: The original pattern or model from which all things of the same kind are copied or on which they are based; a model or first form; prototype
: In Jungian psychology, a collectively inherited unconscious idea, pattern of thought, image, etc., universally in individual psyches.
Understanding the Archetypes
The term ‘archetype’ comes from ancient Greece, meaning ‘original pattern’. Carl Jung expanded the idea, creating 12 core archetypes that he said are all part of our ‘collective unconscious’. That is, each of these 12 archetypes possess traits that are recognizable by all of us because of their universal character traits, which are part of the human psyche.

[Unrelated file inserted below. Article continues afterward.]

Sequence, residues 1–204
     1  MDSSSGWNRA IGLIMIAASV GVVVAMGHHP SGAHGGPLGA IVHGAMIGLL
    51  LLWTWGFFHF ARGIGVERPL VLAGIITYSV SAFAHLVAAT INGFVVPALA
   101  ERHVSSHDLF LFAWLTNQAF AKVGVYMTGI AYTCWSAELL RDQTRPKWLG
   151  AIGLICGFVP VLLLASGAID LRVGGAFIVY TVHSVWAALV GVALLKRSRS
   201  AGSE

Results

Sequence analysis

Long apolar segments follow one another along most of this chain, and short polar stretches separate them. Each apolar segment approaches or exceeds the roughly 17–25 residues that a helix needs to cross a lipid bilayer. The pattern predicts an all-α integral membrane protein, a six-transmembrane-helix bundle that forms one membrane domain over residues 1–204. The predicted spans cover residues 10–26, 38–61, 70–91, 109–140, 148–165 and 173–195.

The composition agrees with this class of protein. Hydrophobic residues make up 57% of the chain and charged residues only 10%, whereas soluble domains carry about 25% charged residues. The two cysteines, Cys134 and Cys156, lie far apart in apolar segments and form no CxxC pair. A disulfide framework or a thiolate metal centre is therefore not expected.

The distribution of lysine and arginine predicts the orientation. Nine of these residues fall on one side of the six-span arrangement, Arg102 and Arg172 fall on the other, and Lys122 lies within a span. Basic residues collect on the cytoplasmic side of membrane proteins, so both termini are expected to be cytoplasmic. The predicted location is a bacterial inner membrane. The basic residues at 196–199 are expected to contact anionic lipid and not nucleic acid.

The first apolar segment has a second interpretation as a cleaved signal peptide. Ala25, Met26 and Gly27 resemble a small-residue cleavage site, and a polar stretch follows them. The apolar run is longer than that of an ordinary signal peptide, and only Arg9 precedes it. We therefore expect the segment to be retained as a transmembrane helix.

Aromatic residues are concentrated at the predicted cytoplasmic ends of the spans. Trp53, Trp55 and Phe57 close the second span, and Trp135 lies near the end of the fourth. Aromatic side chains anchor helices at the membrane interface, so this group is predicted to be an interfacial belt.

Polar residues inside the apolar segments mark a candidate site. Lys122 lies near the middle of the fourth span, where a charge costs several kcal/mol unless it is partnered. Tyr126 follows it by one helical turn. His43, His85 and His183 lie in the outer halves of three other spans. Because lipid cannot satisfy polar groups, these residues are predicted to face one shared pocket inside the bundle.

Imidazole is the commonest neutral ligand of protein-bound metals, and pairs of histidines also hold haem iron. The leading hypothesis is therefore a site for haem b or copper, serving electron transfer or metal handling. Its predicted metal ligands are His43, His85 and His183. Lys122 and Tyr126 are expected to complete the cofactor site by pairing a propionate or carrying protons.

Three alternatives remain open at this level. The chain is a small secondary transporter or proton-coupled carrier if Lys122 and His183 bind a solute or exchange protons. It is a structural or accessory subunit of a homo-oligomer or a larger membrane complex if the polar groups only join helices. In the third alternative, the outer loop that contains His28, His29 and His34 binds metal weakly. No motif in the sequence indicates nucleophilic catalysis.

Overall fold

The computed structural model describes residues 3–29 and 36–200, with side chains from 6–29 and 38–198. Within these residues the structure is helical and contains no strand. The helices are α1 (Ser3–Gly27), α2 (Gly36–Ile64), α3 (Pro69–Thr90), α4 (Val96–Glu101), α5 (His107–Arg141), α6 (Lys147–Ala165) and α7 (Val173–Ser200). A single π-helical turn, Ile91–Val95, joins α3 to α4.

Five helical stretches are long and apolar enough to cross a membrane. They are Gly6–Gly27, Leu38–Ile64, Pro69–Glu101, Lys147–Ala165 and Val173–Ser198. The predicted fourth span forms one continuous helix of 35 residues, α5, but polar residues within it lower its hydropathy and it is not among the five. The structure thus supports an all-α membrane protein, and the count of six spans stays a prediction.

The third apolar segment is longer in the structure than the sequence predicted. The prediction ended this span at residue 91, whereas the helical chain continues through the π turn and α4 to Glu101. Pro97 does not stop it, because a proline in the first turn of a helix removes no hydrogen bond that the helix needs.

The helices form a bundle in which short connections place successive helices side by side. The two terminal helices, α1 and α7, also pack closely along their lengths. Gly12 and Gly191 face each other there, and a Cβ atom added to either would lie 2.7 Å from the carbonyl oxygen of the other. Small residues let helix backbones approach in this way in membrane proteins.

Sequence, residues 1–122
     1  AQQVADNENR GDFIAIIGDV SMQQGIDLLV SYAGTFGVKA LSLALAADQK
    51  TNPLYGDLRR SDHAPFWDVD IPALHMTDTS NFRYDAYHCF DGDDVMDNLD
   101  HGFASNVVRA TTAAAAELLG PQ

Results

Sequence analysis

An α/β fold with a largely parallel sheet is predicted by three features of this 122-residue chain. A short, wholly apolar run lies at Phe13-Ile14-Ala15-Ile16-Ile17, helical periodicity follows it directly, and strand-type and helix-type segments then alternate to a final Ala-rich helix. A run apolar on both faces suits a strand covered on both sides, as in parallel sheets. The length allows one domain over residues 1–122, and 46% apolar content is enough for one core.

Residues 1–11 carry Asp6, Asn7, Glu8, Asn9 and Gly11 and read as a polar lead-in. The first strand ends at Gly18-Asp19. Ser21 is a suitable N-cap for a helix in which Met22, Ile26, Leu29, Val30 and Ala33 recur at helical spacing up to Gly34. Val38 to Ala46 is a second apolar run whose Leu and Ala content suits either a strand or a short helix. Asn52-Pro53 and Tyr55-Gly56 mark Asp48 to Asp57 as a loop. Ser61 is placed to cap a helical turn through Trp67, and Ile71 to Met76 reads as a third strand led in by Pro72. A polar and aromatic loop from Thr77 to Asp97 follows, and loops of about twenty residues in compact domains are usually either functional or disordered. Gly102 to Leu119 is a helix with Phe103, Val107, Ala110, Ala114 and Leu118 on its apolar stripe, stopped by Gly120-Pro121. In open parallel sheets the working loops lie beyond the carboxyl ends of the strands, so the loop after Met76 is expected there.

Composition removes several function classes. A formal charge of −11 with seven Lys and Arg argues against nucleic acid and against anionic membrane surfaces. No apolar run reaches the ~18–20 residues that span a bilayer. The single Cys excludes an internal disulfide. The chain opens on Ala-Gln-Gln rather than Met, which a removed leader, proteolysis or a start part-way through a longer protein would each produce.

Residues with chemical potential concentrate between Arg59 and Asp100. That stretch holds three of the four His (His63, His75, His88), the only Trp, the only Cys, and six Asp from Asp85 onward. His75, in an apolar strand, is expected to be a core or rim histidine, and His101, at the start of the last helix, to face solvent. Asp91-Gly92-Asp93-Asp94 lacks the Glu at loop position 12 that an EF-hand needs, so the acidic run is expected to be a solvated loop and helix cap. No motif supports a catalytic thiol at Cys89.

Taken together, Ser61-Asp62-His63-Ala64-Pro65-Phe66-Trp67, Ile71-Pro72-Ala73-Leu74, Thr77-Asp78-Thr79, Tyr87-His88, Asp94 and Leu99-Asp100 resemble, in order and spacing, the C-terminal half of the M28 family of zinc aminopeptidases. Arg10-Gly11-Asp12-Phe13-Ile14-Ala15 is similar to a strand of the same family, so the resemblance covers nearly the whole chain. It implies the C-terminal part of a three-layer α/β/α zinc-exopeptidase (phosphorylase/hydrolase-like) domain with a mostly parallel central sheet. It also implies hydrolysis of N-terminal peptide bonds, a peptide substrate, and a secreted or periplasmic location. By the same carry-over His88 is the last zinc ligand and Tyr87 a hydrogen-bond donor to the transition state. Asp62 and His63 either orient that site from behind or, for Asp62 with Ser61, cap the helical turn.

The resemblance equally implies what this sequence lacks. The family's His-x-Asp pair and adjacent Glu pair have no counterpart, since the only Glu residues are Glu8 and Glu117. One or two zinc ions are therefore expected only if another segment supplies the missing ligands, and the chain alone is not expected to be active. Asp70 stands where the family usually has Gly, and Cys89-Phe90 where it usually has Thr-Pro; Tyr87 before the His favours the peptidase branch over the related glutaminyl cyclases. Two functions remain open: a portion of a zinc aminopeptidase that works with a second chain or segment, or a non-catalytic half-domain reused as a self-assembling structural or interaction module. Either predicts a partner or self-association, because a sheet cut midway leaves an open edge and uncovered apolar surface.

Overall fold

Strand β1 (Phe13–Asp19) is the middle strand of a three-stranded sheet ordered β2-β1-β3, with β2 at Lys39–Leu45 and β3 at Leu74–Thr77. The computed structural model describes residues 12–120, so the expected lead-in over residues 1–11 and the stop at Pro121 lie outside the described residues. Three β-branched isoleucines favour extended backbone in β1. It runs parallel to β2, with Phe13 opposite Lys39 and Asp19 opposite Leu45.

Jung’s theory was that there are 12 dominant archetypes. We each have a dominant archetype, and that archetype defines who we are, how we behave, and our actions.
Each archetype is represented by a symbolic figure which encapsulates those specific archetypal traits.
For a writer, identifying the core archetype of your hero can help you keep their behaviors consistent. It boils down to using a collection of attributes that are easily identifiable to readers. The archetype is the foundation for the hero. From there, you expand to make them unique.
This WriterSpark series includes WriterSpark Cheat Sheets on each of the 12 archetypes. Enjoy!
Jung’s 12 Archetypes